Activist Investor Firm Pushing For Removal Of Daktronics CEO And CFO In Wake Of SEC Filings
January 30, 2023 by Dave Haynes
An investment firm that owns just shy of 6% of the South Dakota LED display manufacturing firm Daktronics is pushing the company and its board to punt CEO Reece Kurtenbach, citing “deep-rooted issues” with how the company is being run and its performance.
Alta Fox Capital Management published a letter, and replicated it as a press release, last week, and in the wake of SEC filings that had the company’s financial head expressing “substantial doubt about the Company’s ability to continue as a going concern.”
Alta Fox Capital Management, LLC (together with its affiliates, “Alta Fox” or “we”) is now the largest shareholder of Daktronics, Inc. (“Daktronics” or the “Company”), with ownership of more than 5.8% of the Company’s outstanding common shares. While we commend the Strategy and Financing Review Committee of the Board of Directors (the “Board”) for securing a credit agreement amendment, we are extremely disappointed that it is not taking decisive action to address deep-rooted issues related to the Company’s corporate governance, management team and value creation efforts.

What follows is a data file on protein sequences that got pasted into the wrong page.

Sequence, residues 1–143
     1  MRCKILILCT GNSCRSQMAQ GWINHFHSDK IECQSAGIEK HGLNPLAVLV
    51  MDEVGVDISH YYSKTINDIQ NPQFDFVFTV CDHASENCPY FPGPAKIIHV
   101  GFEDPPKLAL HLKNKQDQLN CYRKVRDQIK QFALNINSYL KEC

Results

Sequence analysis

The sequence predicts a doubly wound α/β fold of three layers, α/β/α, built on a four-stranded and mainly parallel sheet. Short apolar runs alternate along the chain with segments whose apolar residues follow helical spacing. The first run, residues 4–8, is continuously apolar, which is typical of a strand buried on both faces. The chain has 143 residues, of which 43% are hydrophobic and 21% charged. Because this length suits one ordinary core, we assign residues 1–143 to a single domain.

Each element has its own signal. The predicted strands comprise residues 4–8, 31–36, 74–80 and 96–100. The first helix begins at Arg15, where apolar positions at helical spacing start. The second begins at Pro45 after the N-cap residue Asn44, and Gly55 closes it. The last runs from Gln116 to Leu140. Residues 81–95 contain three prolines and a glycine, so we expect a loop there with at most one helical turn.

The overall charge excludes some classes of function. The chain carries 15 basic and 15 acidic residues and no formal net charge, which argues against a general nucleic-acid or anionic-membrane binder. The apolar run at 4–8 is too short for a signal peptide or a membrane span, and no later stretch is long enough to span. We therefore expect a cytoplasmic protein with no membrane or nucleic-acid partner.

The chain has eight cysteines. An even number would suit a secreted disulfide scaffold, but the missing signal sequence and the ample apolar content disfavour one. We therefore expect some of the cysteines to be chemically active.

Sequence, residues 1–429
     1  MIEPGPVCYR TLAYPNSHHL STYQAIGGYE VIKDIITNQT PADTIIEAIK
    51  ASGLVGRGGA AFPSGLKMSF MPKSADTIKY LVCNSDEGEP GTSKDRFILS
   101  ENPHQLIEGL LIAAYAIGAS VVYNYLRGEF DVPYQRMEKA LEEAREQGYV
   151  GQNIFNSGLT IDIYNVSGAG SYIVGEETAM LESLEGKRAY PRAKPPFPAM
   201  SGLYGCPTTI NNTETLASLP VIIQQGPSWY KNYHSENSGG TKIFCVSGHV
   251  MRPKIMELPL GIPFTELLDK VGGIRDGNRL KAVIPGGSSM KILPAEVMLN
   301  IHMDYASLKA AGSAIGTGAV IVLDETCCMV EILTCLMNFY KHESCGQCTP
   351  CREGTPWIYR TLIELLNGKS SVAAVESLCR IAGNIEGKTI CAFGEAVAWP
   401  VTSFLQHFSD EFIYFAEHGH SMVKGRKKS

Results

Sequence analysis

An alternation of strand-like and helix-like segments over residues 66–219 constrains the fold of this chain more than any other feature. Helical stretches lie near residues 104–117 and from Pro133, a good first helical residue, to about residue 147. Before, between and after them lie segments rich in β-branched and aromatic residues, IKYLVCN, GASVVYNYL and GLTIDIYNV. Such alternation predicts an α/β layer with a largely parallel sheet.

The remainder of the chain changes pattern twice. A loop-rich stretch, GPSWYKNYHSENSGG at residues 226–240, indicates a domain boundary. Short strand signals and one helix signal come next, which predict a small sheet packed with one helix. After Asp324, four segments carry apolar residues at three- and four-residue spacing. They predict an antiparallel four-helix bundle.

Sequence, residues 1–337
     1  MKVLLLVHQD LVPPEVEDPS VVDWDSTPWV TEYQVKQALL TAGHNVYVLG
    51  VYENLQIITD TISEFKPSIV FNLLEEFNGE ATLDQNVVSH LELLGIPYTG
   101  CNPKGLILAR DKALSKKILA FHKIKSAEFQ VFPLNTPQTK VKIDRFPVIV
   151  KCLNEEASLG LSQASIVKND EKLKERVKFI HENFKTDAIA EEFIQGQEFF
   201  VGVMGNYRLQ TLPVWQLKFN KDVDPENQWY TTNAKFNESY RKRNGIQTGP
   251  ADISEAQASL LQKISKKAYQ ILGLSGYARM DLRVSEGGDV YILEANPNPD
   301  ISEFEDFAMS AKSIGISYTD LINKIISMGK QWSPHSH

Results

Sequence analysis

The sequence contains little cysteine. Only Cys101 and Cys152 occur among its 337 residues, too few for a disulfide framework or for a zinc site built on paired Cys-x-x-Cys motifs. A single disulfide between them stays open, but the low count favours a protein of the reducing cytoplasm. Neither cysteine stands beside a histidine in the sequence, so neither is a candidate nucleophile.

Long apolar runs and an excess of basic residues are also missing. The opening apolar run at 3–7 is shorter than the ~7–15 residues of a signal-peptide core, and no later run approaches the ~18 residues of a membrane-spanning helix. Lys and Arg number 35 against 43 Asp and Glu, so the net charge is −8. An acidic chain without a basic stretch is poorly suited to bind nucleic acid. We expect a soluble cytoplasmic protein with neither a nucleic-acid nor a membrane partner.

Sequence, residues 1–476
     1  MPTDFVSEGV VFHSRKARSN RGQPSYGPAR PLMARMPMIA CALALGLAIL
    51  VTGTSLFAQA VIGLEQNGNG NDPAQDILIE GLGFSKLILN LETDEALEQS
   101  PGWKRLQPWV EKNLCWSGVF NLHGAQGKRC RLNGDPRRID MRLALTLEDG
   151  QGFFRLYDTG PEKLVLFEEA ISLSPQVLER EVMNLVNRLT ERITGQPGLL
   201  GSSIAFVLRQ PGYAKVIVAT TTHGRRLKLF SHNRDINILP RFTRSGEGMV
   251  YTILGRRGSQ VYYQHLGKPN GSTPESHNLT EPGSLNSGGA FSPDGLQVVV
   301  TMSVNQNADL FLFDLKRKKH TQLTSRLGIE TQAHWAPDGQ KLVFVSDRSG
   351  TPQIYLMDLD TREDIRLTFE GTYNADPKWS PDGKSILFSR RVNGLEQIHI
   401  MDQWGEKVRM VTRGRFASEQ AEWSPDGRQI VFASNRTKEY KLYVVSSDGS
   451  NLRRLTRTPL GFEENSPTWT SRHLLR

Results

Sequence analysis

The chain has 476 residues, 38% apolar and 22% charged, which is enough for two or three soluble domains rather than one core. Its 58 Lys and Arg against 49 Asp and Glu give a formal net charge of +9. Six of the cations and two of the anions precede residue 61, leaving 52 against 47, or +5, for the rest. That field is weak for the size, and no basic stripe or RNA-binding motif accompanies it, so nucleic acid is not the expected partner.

We believe these long-standing issues culminated in the Company’s auditor issuing “substantial doubt about the Company’s ability to continue as a going concern,” as disclosed in the recent 8-K filed with the SEC. Alta Fox has been adamant about the urgent need for governance improvements, leadership changes and an immediate and certain liquidity solution during our private interactions with the Board, but no substantive changes have been made.
Therefore, it is with deep regret that we have to file a Schedule 13D this week without being able to disclose a cooperation agreement with Daktronics or any indication of a productive relationship with you—the very individuals whom the Company’s stakeholders are depending on to protect them from further Kurtenbach-driven missteps, nepotism and value destruction. Daktronics has seen its equity market capitalization decline by hundreds of millions of dollars during the tenure of Chairman and Chief Executive Officer Reece Kurtenbach, making your apparent loyalty to the Kurtenbach family and resistance to Alta Fox’s good faith engagement truly confounding.
As we have told you previously, Alta Fox—now the Company’s largest shareholder—has no confidence in Mr. Kurtenbach and Chief Financial Officer Sheila Anderson. The Company’s shares have declined in value by more than 60% under Mr. Kurtenbach’s executive leadership, in stark contrast to the Russell 2000’s more than 100% long-term appreciation. That fact alone should be grounds for announcing a plan for replacing him.